In this edition of ‘It depends’, graduate Steven Cawood talks about negative gearing trust structures and, in particular, what they are and when they’re appropriate.
Welcome to this instalment of It Depends. Today I’ll be talking about a negative gearing trust structure and in particular what they are and when they’re appropriate.|
What is negative gearing?
Negative gearing occurs when a loan is taken out to purchase an income producing asset most commonly a property. However, it produces insufficient income to cover its costs such as interest on the loan or the loan repayments. The effect of this for the individual or the entity which holds the asset is that the loss can reduce their assessable income and therefore may result in a tax benefit. Whilst initially this means they may sustain some losses it can be an effective investment strategy for assets that increase in value over time.
What is a negative gearing trust?
A negative gearing trust may be used where by an individual borrows money from the bank and then uses those borrowed funds to make an interest free loan to a negative gearing trust. A trust with very particular provisions. The trust then uses these funds to purchase an investment asset. The trustee does not have to pay interest on the funds it borrows from the individual. However, the trustee of the trust must make distributions to the individual who made the loan. The amount of the distributions will be the lesser of the trust’s net income in each year and the interest paid on the loan. Distributions must be made to the individual until the total amount of the distributions equal the interest paid on the loan.
Who is a negative gearing trust structure appropriate for?
A negative gearing trust is intended to assist high-risk and high-income earning individuals who wish to claim negative gearing deductions for loans in their own name whilst protecting assets from claims against them.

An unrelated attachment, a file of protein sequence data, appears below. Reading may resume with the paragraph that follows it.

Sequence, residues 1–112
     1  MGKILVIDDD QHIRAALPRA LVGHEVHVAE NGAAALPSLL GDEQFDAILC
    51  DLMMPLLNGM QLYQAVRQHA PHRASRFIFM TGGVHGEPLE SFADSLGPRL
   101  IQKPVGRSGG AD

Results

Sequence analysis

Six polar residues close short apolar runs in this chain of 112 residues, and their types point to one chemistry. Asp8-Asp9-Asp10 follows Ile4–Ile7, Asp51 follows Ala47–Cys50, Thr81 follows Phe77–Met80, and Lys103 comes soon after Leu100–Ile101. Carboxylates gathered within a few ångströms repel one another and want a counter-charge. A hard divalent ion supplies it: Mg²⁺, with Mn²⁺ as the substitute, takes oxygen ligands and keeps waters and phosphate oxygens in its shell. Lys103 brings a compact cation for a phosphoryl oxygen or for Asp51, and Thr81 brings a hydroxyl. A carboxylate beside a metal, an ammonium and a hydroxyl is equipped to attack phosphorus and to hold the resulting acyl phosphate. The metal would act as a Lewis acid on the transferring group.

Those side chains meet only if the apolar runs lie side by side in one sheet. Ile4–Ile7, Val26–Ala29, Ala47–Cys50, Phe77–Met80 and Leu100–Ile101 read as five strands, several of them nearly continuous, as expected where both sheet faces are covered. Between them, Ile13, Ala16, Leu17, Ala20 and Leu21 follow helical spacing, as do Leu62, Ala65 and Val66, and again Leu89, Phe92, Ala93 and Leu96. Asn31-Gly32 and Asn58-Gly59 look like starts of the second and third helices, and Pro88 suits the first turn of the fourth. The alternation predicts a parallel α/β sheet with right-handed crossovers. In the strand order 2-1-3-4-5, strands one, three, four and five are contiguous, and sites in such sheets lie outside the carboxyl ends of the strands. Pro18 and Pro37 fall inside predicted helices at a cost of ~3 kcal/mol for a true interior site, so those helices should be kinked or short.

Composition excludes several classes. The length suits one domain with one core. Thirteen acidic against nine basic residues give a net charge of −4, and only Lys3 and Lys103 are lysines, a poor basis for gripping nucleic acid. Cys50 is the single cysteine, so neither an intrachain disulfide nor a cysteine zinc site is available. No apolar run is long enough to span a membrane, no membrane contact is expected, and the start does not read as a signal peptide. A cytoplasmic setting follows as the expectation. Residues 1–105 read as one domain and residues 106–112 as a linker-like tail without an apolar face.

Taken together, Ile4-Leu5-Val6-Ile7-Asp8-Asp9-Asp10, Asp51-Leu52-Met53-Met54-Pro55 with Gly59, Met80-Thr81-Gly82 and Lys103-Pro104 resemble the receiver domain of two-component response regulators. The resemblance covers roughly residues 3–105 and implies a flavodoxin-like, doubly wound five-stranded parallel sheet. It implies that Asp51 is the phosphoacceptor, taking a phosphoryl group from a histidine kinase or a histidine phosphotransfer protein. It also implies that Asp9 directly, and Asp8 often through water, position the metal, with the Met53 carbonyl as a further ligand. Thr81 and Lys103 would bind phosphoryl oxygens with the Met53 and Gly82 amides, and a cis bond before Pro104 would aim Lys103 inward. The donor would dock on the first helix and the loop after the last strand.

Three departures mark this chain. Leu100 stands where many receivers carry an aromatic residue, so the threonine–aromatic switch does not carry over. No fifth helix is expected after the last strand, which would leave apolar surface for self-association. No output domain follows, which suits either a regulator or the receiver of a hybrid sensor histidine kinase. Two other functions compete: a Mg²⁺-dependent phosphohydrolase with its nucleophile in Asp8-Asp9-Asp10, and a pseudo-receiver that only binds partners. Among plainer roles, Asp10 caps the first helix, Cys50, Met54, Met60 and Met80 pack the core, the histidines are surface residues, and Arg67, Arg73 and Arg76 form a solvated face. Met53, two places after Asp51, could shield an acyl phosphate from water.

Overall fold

Why do people use negative gearing trust?
Well it depends. Firstly, for asset protection. The asset will not be held in the individual’s name but instead in the trust. As such, the equity in the asset acquired in the trust could be substantially protected against claims against the individual especially if there is a corporate trustee of the trust. Secondly, individuals use it to obtain a tax deduction for borrowings made in their own name. Generally, individuals cannot claim a tax deduction for interest expenses incurred for assets held in discretionary trusts. A negative gearing trust is a special type of trust where an individual may be able to obtain a tax deduction for interest expenses incurred on the bank loan even though the asset is in the discretionary trust. The net income in the trust will be substantially less than the interest payable on the loan in the early years. This means the individual will get a tax deduction for substantially all of the interest payable on the loan. Thirdly, individuals use a negative gearing trust to give them flexibility to deal with surplus income and capital of the trust. Under our negative gearing trust structure any income that exceeds the interest payable on the loan can be distributed to a discretionary trust. From this discretion trust the trustee can then distribute that surplus income in any manner it pleases. Similarly, any capital gains can be distributed to any beneficiaries under the trust. It doesn’t have to be the actual individual that made the initial loan to the trust. This is the case provided they recouped all the interest paid to the bank. Thank you for listening to this instalment of It Depends. Please contact a member of our team if you need help with negative gearing trusts or trusts in general.